Analytic vs Naturalised Metaphysics

First joint GAP-GWP-Colloquium at the 9th GAP Conference

in Collaboration with the DFG Group Causation & Explanation

15th September, 9:00–12:00

Osnabrück, Germany




Holger Lyre & Thomas Reydon of the Gesellschaft für Wissenschaftsphilosophie (GWP / Society for Philosophy of Science): 

Markus Schrenk & Oliver R. Scholz of the DFG Group Causation & Explanation (Münster branch of the group): 




Steven French (University of Leeds) — Toying with the Toolbox: How Metaphysics Can (Still) Make a Contribution

Katherine Hawley (University of St Andrews) — Social Metaphysics and Social Science

Tobias Rosefeldt (Humboldt Universität Berlin) — The linguistic turn




09:00—09:10 Introduction by Holger Lyre and Markus Schrenk

09:10—09:35 Tobias Rosefeldt – The linguistic turn

09:35—09:45 Commentary

09:45—09:55 Q&A


10:05—10:30 Katherine Hawley – Social Metaphysics and Social Science

10:30—10:40 Commentary

10:40—10:50 Q&A


11:00—11:25 StevenFrench – Toying with the Toolbox

11:25—11:35 Commentary

11:35—11:45 Q&A

11:45—12:00 Afterthoughts



Colloquium Themes 

The goal of this workshop is to explore both the relation between science and metaphysics and to shed light on the methods and possibilities of analytic and naturalized metaphysics.

Traditionally, metaphysics has been seen as the inquiry into what lies behind or comes before experience, yet, which nonetheless concerns the fundamental structure of reality. However, because metaphysical claims seem not to be empirically testable, the meaningfulness of metaphysics has been contested ever since the classical empiricists, culminating in 20th century logical empiricism which denounced metaphysics as nonsensical altogether. Logical empiricism is also one of the founding fathers of modern philosophy of science, yet, ironically, some present day philosophers of science have again turned emphatically towards metaphysical reasoning and propose grand (speculative) systems in order to answer questions like what is a law of nature, what are natural kinds, what is causation, etc.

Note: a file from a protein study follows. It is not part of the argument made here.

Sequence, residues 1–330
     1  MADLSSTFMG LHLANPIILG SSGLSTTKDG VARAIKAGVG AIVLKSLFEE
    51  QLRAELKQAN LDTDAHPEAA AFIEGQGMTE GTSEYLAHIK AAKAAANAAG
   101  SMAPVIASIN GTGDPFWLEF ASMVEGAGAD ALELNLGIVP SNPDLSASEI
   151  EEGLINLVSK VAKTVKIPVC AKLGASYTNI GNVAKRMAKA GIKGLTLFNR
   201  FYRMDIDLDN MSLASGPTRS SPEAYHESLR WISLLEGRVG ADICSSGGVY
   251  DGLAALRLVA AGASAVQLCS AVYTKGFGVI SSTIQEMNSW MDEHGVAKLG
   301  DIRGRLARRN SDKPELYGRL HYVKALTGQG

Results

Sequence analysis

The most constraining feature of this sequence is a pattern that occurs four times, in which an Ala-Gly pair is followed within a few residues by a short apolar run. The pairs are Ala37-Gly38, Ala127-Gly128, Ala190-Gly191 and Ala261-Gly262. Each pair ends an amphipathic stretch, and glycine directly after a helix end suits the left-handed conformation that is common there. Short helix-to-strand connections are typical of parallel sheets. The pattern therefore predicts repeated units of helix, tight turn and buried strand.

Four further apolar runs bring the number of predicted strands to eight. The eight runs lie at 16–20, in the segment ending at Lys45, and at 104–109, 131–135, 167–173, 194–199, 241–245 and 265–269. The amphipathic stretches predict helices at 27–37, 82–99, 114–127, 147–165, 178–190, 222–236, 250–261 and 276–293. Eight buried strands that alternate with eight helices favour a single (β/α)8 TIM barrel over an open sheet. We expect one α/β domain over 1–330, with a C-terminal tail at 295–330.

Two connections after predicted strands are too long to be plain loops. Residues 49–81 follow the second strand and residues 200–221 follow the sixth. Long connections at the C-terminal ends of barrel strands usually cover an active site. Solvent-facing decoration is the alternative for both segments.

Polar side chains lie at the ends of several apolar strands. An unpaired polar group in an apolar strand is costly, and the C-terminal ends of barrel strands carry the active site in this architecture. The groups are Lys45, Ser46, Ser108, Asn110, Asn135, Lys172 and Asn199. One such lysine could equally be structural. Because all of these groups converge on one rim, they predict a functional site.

However, in the last decade analytic metaphysics has come under fire again and is critically evaluated. Philosophers have again started to debate which kind of metaphysics is and is not allowed. The relationship between metaphysics and science plays a special role in this debate. In fact, more than a few philosophers today believe that science provides the safest guide to modern metaphysics. Some even go so far as to claim that metaphysics should be naturalized. On the other hand, science and scientific reasoning themselves sometimes seem to need support from metaphysical reasoning.

This colloquium shall focus on the particular interconnections between metaphysics and science, and shall critically evaluate those sources, methods, and guidelines that were proposed as being acceptable for metaphysics in the recent literature. Particular questions of interest are the following:

  • Is metaphysics grounded in science?
  • Is it even part of science (and if so, to which extend)?
  • Should scientific realism be seen as a (necessary) presupposition
    for scientific metaphysics?
  • What can be said about the boundary between the metaphysical and the empirical?
  • What role do intuitions play, and are they either gained from everyday or scientific (linguistic) practice?
  • How do questions about the relationship between metaphysics
    and science pertain to the different special sciences? Do they
    possess different answers regarding different special sciences?
  • Should reduction and unification requests play a role as guidelines in metaphysics?
  • What posits within metaphysics of science could be illuminating also in other areas of philosophy as, for example, in mental causation, free will, etc.?